Stanislaw Ignacy Witkiewicz’s Insatiability
The mystery of one’s birth and the inconceivability of the world’s existence without the positing of one’s ego were the only luminous points in a series of otherwise obscure moments. —Witkiewicz
Genezip Kapen, the protagonist of Witkiewicz’s Insatiability, cannot tolerate captivity of any kind. This is foreshadowing about the young boy’s life to come. More importantly, it is a warning of the coming days of communism in Europe.
Polish writer, playwright and painter, Stanislaw Ignacy Witkiewicz (1885-1939), wrote Insatiability in 1927 and published it in 1930. The work is a dystopian novel, albeit a highly complex novel of ideas and the dissolution of Western values. Insatiability consists of two parts: “The Awakening” and “Insanity.” This division is significant, both stylistically and thematically.
Insatiability is like few twentieth century novels. With the exception of Zamyatin’s We, a novel published in 1924, Insatiability predates all of the better-known dystopian novels. Witkiewicz’s masterful novel is an experimental work of fiction written by a writer whose work addresses the relationship between essence and form.
The novel shines with Witkiewicz’s proficiency in the history of philosophy, especially the last vestige of metaphysics in the twentieth century, phenomenology. This is also indicative of his paintings.
Witkiewicz traces the impact of some of the most nihilistic currents in intellectual history on Western civilization and the human psyche. He points out Marxism as the single most destructive and corrosive form of human engagement with reality, beginning in the 1800s. He refers to Marxism as an anti-philosophy, something that many thinkers and critics have also pointed out, including a vast number of former Marxists. Like a ravenous cancer that cannot be excised, Marxism’s genial ability to corrupt man’s imagination through perpetual, chameleon-like malleability is unprecedented in human history.
Marxism’s perpetual ability to fabricate rabid converts partly springs from the ranks of nihilistic narcissists. Some human beings view life as the enemy. This creates self-loathing, lack of purpose and meaning in their lives; they turn on the world and other people as being the culprits of their perceived inadequacies. The next step is to seek alleged emancipation from the hierarchy of values. The latter is the intoxicating liberation that comes with the destruction of reason, values, culture, the annihilation of innocence and free will.
Marxism’s demoniacal fanaticism fuels violence, and, in turn, violence requires ever-innovative forms of violence in order for its practitioners to attain self-fulfillment. The cycle—perpetual revolution Marx called it—can never be allowed to end.
Insatiability shows how positivism propped up Marxism to become the dominant ideology of the twentieth century, and yielded uncontested power throughout the world that, well into the twentieth first century, it has yet to relinquish.
One reason for this, Witkiewicz shows, is rooted in the spurious offering of modern philosophy about human reality. Imagining that philosophers are out-of-touch idealists, the general reading public dismisses philosophy as sophomoric. Marxism capitalizes on this. Lamentably, this leaves an idea-vacuum for Marxism—which is anti-philosophy par excellence—to gain ground with unschooled people and educated automatons alike.
Witkiewicz counters the spread of positivism with Edmund Husserl’s development of phenomenology, a form of metaphysics that concerns itself with self-reflection in relation to the study of consciousness, which gained traction in the early part of the twentieth century.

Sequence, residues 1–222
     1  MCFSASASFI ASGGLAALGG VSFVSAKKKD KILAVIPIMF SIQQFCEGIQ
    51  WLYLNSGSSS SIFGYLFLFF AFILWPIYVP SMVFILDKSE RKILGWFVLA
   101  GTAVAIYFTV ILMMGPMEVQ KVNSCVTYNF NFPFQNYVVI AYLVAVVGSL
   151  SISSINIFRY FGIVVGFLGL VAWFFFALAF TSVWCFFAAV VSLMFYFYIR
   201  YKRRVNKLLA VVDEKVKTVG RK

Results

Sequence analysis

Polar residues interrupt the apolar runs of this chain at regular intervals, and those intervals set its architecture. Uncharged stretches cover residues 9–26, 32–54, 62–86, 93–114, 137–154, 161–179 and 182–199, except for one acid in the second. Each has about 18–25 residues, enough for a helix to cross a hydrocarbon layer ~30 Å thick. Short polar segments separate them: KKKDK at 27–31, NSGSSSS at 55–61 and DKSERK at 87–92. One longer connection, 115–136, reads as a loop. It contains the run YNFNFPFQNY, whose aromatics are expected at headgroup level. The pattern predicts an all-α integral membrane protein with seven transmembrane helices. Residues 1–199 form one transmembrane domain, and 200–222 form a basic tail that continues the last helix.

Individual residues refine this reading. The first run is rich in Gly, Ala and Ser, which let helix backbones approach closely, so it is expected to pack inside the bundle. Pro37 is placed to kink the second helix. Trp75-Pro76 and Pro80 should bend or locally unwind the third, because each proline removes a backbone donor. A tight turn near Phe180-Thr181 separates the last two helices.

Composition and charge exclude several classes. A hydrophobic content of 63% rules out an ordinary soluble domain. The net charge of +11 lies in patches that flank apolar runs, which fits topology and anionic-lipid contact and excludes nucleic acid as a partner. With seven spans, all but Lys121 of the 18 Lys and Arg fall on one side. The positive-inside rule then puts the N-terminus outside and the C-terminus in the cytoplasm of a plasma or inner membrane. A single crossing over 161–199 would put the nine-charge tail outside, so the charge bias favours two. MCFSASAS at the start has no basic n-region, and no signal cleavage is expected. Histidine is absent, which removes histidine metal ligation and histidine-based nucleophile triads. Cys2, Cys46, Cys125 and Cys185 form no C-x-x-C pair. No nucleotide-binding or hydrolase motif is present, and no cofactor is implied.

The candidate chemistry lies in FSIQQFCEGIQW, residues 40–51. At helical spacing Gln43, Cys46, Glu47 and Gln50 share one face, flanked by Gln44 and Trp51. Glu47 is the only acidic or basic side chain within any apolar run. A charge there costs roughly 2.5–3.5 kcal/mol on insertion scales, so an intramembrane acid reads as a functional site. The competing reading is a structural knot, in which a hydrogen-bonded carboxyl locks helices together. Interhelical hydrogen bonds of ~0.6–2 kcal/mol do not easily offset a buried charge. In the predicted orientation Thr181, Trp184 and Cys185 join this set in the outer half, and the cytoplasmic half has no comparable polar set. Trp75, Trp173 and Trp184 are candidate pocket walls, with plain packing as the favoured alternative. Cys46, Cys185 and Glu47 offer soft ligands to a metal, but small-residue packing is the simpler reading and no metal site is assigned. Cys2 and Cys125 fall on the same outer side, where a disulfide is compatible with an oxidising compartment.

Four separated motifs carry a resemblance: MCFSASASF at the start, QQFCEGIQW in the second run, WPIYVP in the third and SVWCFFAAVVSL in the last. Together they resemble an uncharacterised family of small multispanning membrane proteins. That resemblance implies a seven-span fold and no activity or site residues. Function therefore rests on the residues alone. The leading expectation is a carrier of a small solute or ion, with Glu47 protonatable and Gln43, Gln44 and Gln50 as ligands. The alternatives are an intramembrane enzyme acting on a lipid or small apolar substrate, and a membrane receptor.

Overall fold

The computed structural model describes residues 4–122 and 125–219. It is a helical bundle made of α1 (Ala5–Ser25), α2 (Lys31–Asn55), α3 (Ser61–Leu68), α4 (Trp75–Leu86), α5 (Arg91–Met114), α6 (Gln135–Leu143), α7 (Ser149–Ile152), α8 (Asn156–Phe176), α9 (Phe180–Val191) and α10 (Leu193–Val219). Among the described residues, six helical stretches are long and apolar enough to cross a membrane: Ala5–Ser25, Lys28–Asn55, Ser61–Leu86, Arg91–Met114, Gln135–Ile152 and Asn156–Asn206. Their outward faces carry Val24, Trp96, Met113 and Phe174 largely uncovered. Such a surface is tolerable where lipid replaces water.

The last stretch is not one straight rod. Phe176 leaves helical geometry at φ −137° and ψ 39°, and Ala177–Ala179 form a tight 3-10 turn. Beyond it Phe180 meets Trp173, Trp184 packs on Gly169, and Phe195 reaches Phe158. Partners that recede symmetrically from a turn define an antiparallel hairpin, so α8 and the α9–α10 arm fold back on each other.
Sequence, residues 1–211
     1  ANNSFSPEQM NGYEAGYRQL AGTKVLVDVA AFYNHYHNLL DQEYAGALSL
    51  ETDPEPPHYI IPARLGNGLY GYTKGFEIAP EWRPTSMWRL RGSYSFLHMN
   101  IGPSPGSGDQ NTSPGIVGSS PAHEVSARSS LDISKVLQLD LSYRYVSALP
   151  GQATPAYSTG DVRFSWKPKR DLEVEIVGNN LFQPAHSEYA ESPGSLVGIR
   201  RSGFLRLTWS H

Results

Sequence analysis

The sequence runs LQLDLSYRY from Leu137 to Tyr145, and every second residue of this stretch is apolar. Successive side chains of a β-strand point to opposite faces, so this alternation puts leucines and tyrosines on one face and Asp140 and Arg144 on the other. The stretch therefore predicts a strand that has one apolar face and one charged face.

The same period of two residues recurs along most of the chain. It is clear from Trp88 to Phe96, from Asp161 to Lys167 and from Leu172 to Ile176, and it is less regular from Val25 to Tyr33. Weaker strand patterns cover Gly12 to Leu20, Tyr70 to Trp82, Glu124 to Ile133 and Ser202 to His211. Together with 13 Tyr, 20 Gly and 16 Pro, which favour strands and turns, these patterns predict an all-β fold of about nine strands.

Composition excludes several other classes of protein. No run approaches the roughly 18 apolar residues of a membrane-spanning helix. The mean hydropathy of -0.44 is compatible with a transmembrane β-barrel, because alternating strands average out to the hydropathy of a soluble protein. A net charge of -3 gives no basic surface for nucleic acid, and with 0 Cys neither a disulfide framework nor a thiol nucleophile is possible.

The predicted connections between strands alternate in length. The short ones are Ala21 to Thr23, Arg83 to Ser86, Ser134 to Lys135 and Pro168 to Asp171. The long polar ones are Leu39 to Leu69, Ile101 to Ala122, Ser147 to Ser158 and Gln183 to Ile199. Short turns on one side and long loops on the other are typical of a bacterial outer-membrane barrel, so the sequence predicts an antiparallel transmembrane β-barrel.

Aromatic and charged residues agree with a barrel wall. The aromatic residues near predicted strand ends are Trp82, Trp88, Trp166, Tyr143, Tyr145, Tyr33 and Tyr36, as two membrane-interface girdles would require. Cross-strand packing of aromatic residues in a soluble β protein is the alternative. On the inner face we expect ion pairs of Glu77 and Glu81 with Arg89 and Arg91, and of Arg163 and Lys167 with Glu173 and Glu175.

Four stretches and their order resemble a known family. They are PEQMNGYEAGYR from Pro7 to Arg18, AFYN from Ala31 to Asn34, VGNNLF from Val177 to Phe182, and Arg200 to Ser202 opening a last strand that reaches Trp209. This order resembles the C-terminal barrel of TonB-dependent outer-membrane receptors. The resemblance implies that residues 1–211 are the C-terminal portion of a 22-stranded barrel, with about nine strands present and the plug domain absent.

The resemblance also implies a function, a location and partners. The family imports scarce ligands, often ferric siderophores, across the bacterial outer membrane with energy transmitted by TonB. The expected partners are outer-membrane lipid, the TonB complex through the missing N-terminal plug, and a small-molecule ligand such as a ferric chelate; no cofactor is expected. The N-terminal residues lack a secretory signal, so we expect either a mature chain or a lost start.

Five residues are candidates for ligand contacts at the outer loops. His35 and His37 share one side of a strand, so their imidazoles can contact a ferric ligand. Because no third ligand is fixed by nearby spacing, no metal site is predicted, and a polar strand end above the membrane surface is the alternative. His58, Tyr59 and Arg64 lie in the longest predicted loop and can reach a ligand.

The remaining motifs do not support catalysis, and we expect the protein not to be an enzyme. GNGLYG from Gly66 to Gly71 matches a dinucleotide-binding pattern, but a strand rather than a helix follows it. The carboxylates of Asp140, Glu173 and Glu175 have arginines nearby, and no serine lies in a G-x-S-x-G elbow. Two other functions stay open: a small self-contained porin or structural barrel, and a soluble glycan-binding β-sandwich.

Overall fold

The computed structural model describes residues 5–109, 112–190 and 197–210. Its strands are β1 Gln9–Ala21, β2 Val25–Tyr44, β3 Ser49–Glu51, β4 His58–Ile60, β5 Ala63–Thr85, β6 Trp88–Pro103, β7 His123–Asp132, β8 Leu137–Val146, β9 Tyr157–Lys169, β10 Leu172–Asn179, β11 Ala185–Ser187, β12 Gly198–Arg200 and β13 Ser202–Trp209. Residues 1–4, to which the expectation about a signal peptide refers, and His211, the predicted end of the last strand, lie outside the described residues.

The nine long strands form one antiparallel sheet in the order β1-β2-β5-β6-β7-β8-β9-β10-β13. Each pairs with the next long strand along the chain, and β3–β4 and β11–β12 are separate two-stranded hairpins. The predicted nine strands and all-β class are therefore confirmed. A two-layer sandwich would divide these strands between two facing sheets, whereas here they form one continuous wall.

Zip, as the protagonist is called in the novel, is a young man who leads a life of existential inquietude. The first part of the novel “The Awakening,” introduces the reader to Zip’s gift for epiphany. The young man is profoundly intuitive, enabling him to understand and become poised to deal with the aberrant world to come.
Witkiewicz, Philosopher of Existence
Witkiewicz is a philosopher of existence who is blessed with the ability to write fiction. The themes of Insatiability are not for the light hearted or people who find best sellers enthralling.
Insatiability was introduced to English speakers in the 1980 Nobel Prize winner, Czeslaw Milosz’s, enlightening 1955 book The Captive Mind; a character study of the communist mind-set, and how the latter consolidates political power.
Something was swelling inside Zip: “The embryo of a conscious use of power in the abstract.” The tyrannical impulse and executioner-complex cannot be subdued for long. The mania for abstract theory turns into sinister social/political abuse of people who are the perceived enemy.
Insatiability is Witkiewicz’s master work. From an early age Zip was moved by a “mist of metaphysical wonder (not yet to be construed as awe).”
The story follows the trajectory of a young Polish man’s disillusionment with the effects of the totalitarian impulse of twentieth century Marxism; Western democracies and civilization dissolve under Chinese communist takeover of Europe. This is an astoundingly prophetic plot, especially given that Insatiability was written in 1927.
Young Zip begins to have pangs of agnosticism, which taint his ability to find firm grounding in metaphysical understanding of the world. Form is what the young man seeks most. Insatiability—the title of the novel—means metaphysical inquietude. This is important, given that Witkiewicz’s suggestion is clear: without a firm rooting in metaphysics, thought quickly finds refuge in vaporous and half-baked notions found in chic cafes. Marxism, he tells us, is one of the most destructive examples of the latter, because it attempts to fill the void of life’s insatiability.
Insatiability is a profound study of human nature and the human person, and an indictment of Marxism. Zip’s nihilistic existence does not prepare him for the moral and social/political defoliation that he will encounter in middle age, as the novel progresses into mid and late twentieth century. Witkiewicz’s epiphany is clear: nihilism does not tighten its stranglehold on human beings overnight. Nihilism has first to be invited and cultivated.
Zip understands that nihilism never retires into solitude. By its very nature, nihilism is narcissistic, demanding that others join in on the exaltation that destruction brings about to psychopaths and narcissists: “ . . . that is to say, the possibility of differentiating the most minute aberrations of the human psyche. The world seemed to be exploding from extreme self-insatiation.”
The vision of the future that Zip prepares for pins free will and self-awareness that longs for transcendence against philosophical materialism: the self-defeating view that only matter exists.
Man’s future will be ruled by automatons: “But ‘astronomical angst,’ once a cousin to loftier states leading to philosophical meditation, was rapidly being brushed aside as a luxury by an age of mundane pursuits.” What more banal and vulgar existence can there be than to level all aspects of human life to social/political categories? Zip calls communism “the first layer of manure for what’s coming next.”